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Do I need a New Camera?

17: Community Champion
17: Community Champion

“My Photo’s are rubbish, I need a New Camera!”


We’ve all heard someone say that, or indeed said it ourselves; But do you actually need to buy a new Camera?

All camera’s do the same thing, they let light through a hole and capture an image onto paper or a memory card.

The camera cannot compose the image or know just the right time to snap that perfect moment.

Before you spend hundreds of pounds on a camera, are you sure you have gotten everything out of your old one?

Learning how to edit or “Post Process” your Photo’s could be all you actually need to get the Photo’s looking the way you want?

Two of my personal favourites; Google Picassa3, which is a free program and can edit RAW as well as JPEG images. Then probably the best Photo editor available, Adobe Lightroom. Lightroom is incredibly powerful and a much cheaper option than buying the full suite of Adobe Photoshop. You can pick up Lightroom for approx £99 but if you are a student, you can get a 50% discount!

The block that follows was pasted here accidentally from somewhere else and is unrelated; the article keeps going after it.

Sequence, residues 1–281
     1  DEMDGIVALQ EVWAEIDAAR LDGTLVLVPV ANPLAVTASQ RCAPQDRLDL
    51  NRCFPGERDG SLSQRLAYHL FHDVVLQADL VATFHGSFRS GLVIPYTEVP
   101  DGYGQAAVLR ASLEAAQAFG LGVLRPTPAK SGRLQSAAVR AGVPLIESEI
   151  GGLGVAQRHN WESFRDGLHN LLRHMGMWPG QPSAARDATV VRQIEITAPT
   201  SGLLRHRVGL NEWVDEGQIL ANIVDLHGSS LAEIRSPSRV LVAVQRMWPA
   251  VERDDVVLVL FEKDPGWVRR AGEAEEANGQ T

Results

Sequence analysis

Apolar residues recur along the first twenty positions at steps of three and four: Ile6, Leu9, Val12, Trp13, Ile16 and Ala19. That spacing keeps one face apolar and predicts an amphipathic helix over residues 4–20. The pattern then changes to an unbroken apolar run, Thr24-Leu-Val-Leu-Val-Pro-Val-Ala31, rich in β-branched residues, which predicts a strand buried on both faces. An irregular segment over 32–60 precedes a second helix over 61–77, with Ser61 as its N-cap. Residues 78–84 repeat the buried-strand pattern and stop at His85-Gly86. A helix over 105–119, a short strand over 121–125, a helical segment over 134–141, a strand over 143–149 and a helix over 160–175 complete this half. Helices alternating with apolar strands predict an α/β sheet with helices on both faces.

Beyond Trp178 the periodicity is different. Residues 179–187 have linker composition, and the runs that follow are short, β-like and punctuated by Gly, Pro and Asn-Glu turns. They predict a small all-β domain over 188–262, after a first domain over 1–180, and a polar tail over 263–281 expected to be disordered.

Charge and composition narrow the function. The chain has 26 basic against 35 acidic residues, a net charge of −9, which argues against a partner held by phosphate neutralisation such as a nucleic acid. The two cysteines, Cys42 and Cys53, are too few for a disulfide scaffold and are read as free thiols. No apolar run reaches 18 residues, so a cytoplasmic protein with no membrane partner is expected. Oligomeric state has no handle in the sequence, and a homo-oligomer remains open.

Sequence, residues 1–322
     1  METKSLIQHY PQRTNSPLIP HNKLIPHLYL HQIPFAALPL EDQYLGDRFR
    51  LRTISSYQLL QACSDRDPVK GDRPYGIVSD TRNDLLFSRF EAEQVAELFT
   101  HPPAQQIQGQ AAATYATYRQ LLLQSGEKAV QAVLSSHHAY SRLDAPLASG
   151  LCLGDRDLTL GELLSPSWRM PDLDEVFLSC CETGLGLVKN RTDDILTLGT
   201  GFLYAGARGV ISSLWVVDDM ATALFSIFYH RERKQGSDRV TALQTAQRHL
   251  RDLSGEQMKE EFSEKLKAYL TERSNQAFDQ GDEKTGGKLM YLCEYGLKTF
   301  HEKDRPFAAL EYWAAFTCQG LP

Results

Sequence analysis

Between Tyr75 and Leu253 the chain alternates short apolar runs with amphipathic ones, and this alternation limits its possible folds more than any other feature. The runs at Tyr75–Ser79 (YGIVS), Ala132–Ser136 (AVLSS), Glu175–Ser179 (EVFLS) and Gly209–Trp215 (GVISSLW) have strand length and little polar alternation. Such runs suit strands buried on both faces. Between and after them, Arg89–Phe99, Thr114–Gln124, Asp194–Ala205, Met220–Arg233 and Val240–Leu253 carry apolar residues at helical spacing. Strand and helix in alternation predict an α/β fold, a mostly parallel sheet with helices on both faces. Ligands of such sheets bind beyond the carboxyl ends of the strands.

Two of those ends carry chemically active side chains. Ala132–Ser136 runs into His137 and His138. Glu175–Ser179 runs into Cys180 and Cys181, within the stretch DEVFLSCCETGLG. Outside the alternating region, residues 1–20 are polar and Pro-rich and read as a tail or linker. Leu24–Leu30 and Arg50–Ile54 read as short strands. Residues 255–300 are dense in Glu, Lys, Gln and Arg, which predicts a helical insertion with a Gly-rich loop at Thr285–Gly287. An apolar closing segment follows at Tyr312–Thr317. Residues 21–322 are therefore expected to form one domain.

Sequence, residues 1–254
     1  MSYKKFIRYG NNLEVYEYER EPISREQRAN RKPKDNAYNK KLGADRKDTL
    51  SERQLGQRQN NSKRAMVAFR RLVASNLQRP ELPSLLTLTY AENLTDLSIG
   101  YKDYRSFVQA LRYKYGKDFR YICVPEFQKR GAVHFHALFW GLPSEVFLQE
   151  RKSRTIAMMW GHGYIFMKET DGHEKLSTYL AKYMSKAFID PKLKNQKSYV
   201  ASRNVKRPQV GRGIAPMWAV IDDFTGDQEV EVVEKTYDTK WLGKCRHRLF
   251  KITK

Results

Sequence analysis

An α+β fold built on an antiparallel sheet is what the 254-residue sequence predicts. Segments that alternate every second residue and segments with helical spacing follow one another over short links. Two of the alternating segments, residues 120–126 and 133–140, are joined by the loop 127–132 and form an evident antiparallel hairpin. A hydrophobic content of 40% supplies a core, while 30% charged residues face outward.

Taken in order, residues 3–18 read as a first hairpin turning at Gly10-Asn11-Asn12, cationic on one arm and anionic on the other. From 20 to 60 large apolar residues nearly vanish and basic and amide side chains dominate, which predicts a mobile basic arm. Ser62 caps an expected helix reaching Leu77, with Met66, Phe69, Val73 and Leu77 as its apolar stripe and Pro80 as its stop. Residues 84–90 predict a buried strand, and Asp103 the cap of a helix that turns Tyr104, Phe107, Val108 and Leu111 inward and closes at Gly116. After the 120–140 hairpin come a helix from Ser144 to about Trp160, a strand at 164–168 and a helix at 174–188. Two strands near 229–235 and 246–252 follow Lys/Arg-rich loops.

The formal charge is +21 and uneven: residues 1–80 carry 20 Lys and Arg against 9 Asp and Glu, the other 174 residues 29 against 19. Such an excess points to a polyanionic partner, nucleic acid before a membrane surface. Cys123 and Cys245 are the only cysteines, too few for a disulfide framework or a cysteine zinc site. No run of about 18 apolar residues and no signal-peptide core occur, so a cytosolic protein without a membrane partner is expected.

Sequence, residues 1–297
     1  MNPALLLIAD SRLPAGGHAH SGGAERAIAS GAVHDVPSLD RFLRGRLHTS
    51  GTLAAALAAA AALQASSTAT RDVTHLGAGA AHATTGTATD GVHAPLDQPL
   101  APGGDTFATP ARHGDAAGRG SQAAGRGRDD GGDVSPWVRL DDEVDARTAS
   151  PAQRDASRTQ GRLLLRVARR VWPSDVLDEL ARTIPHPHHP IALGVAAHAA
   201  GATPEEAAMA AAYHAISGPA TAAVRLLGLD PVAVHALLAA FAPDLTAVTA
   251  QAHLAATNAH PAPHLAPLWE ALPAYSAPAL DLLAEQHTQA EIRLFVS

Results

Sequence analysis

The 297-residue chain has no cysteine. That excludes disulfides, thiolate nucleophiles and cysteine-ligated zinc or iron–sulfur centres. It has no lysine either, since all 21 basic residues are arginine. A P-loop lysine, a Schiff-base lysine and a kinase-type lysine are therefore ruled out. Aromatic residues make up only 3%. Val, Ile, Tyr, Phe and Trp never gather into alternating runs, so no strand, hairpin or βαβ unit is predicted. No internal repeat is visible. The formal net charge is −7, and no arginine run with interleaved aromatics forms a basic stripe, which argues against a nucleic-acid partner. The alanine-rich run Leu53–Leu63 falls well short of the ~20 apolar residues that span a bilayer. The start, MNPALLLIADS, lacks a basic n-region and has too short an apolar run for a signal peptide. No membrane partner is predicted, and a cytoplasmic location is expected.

Free Vs Paid


If you are using a DSLR, the very first thing you need to do to improve your Photo’s, is start taking pictures in RAW format. If you are using a Compact camera that doesn’t have RAW, don’t worry, just set your camera to it’s highest quality setting.

Immediately your pictures will have so much more information held within them. The “Post processing” software will be able to unlock that information and allow you to improve, colour, contrast, clarity and even rescue pictures that you might normally delete because they are too dark!



This is a Photo taken in DisneyLand Paris. It was taken in Raw format using my elderly Olympus E420. (The E420 is about 8 years old.)

It’s a nice picture but it looks a bit flat. The colours are muted, it just doesn’t “POP”!




This is the same Picture which has been imported into Google Picassa.

Picassa handles Raw images very quickly with no lag or buffering. There are very simple slider controls and many “Preset” options. If you have used Instagram, you will be familiar with presets. (Preset is a one click photo effect).

Here I have corrected the exposure, added clarity and corrected the colour saturation.

It now looks like a bright colourful sunny day…!


This last Picture was edited in Adobe Lightroom 5.

You can see there is much more detail recovered in the image.

If you look at the Sky, you can really see the detail in the clouds and the blue of the sky. None of this is “painted” colour, it is all information in the original pixels.